About five years ago, I showed up to my first “Life Barre” class, my post-baby body cloaked in an oversized magenta t-shirt. “Hey, I took ballet in grade school,” I thought. “This should be fun.” Claiming a space on the far side of the room, I prepared for a gentle trip down memory lane via plies and arabesques…and over the next 60 minutes got the fitness wakeup call of a lifetime. Who knew a workout based on basic ballet moves would feel more like boot camp than the prim, ribbons-in-my-hair dance class of my youth?
Still, even in my less-than-beach-body state, I loved every minute of the surprisingly grueling session, and craved more. Tuesday mornings from then on, I made the trek to that mirrored room, rain or shine. It wasn’t that I particularly loved the selection of techno music blaring over the speakers, or that the gym offered free childcare (though that was certainly a plus). Mostly, my devotion to barre class came down to my feelings of awe for the instructor, Tessa — or, as I like to think of her, Lady Badass.
A goddess in our midst, Tessa was every woman’s fitness aspirations in human form. With toned arms, killer quads, and nary a hint of muffin top, she looked like she had stepped from a magazine photo shoot — after airbrushing. Still, her cheerful demeanor and positive attitude always kept her relatable, as she chatted from her headset about her kids, her husband, and great deals on yoga pants. And several months in, even when pregnant with baby number four, she never failed to go the distance with everyone in class, doing every last rep, pushing (seemingly effortlessly) to the finish.
Over the course of many Tuesdays, my barre classmates and I learned from Tessa how to exercise in innumerable ways using just a weighted pole. She turned red rubber balls into instruments of squeezable, rewarding torture between our thighs. In the absence of an actual ballet barre, I remember the many times she made us hold on to the handlebars of spin class bikes for balance. Though her moves placed insane demands on my muscles, they did so in such innovative ways, I couldn’t help but enjoy them. As the months went by, Tessa began to mean more to me than I ever would have imagined — as a fellow mom, a health inspiration, and the fitness champion I never knew I needed.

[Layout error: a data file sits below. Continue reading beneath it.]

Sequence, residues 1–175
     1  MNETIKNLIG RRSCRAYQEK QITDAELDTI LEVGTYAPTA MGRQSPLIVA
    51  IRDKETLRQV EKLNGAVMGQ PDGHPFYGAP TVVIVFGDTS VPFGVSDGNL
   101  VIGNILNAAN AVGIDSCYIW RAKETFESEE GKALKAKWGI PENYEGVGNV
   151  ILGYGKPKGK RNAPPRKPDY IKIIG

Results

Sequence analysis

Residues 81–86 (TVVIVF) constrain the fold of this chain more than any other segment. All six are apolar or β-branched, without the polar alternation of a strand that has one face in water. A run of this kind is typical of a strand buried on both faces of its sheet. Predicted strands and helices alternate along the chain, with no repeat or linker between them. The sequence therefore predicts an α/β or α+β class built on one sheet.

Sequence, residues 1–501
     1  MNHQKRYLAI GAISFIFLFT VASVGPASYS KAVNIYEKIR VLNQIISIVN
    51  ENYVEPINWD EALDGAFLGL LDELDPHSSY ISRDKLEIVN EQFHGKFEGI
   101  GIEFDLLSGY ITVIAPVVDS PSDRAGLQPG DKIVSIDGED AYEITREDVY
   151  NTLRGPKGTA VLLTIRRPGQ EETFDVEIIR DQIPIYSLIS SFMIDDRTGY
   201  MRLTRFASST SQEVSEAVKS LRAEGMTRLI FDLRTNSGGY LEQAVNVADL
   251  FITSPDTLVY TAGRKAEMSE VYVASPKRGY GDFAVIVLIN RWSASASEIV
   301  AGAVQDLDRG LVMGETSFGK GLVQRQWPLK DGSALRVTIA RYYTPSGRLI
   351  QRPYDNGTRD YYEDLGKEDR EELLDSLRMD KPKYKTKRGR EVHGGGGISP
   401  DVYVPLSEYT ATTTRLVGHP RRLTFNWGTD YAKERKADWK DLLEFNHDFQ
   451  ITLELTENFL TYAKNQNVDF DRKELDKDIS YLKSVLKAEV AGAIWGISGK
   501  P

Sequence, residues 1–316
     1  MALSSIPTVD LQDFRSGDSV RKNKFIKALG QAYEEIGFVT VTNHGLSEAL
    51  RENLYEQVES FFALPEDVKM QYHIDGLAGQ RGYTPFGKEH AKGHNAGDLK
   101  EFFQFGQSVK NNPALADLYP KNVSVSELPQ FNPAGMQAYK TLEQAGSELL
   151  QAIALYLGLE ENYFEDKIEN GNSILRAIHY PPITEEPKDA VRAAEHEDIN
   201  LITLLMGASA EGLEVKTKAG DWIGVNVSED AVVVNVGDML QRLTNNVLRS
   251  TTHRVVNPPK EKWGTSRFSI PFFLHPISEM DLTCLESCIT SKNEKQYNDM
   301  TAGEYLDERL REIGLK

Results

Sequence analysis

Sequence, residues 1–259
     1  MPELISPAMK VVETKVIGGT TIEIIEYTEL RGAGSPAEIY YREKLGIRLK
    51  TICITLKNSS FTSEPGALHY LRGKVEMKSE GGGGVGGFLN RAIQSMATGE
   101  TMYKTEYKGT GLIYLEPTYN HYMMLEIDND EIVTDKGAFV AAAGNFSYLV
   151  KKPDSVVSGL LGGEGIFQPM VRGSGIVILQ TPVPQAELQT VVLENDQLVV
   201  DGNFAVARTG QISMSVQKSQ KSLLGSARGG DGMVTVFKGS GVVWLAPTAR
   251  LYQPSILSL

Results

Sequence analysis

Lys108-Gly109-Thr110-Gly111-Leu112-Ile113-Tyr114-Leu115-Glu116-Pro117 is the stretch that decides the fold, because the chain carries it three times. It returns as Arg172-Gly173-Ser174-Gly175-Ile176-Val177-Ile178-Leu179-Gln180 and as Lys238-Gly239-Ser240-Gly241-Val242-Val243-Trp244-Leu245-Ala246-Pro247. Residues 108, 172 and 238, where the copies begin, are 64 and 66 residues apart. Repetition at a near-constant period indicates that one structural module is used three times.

Tessa and I never hung out outside of class or even became Facebook friends, but her influence on me has endured. Even though I ended my gym membership a couple of years ago, she remains in my thoughts. I still marvel at her ebullient energy, and hope to someday achieve something like her level of unfailing stamina. (Flaunting washboard abs like hers would be nice too.) Since my days in her class, I’ve stayed active through yoga, barre videos on YouTube, and — mostly — by training for several competitive races. When I hit mile 5 of a 10k and I’m struggling, my breath ragged, my legs begging for mercy, I think of her relentless strength: staying on tiptoe longer than anyone in class, or holding a plank position, her baby belly hovering above the floor. Her cries of, “How strong are you today?” from her headset mic resound in my mind. “So strong,” I answer, and keep going. Last year I actually earned a medal for placing third in a race with several hundred participants. Pretty stunning progress for the woman in the oversized magenta shirt hiding in the corner of the classroom.
I know now something I never realized at barre, but that makes so much sense in hindsight: that identifying a healthy person we admire can help us become healthier ourselves. Just like studies have shown obesity to be “contagious,” healthy lifestyles and enthusiastic attitudes about fitness have a way of transmitting through personal connection too. Having a “health mentor” whose image I can call upon reminds me that I can always take more little steps toward harder, better, faster, stronger — or just healthier in general.
So thank you, Tessa, wherever you are. You taught me to be a fitness badass, and I am forever grateful.
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(Photo via Getty)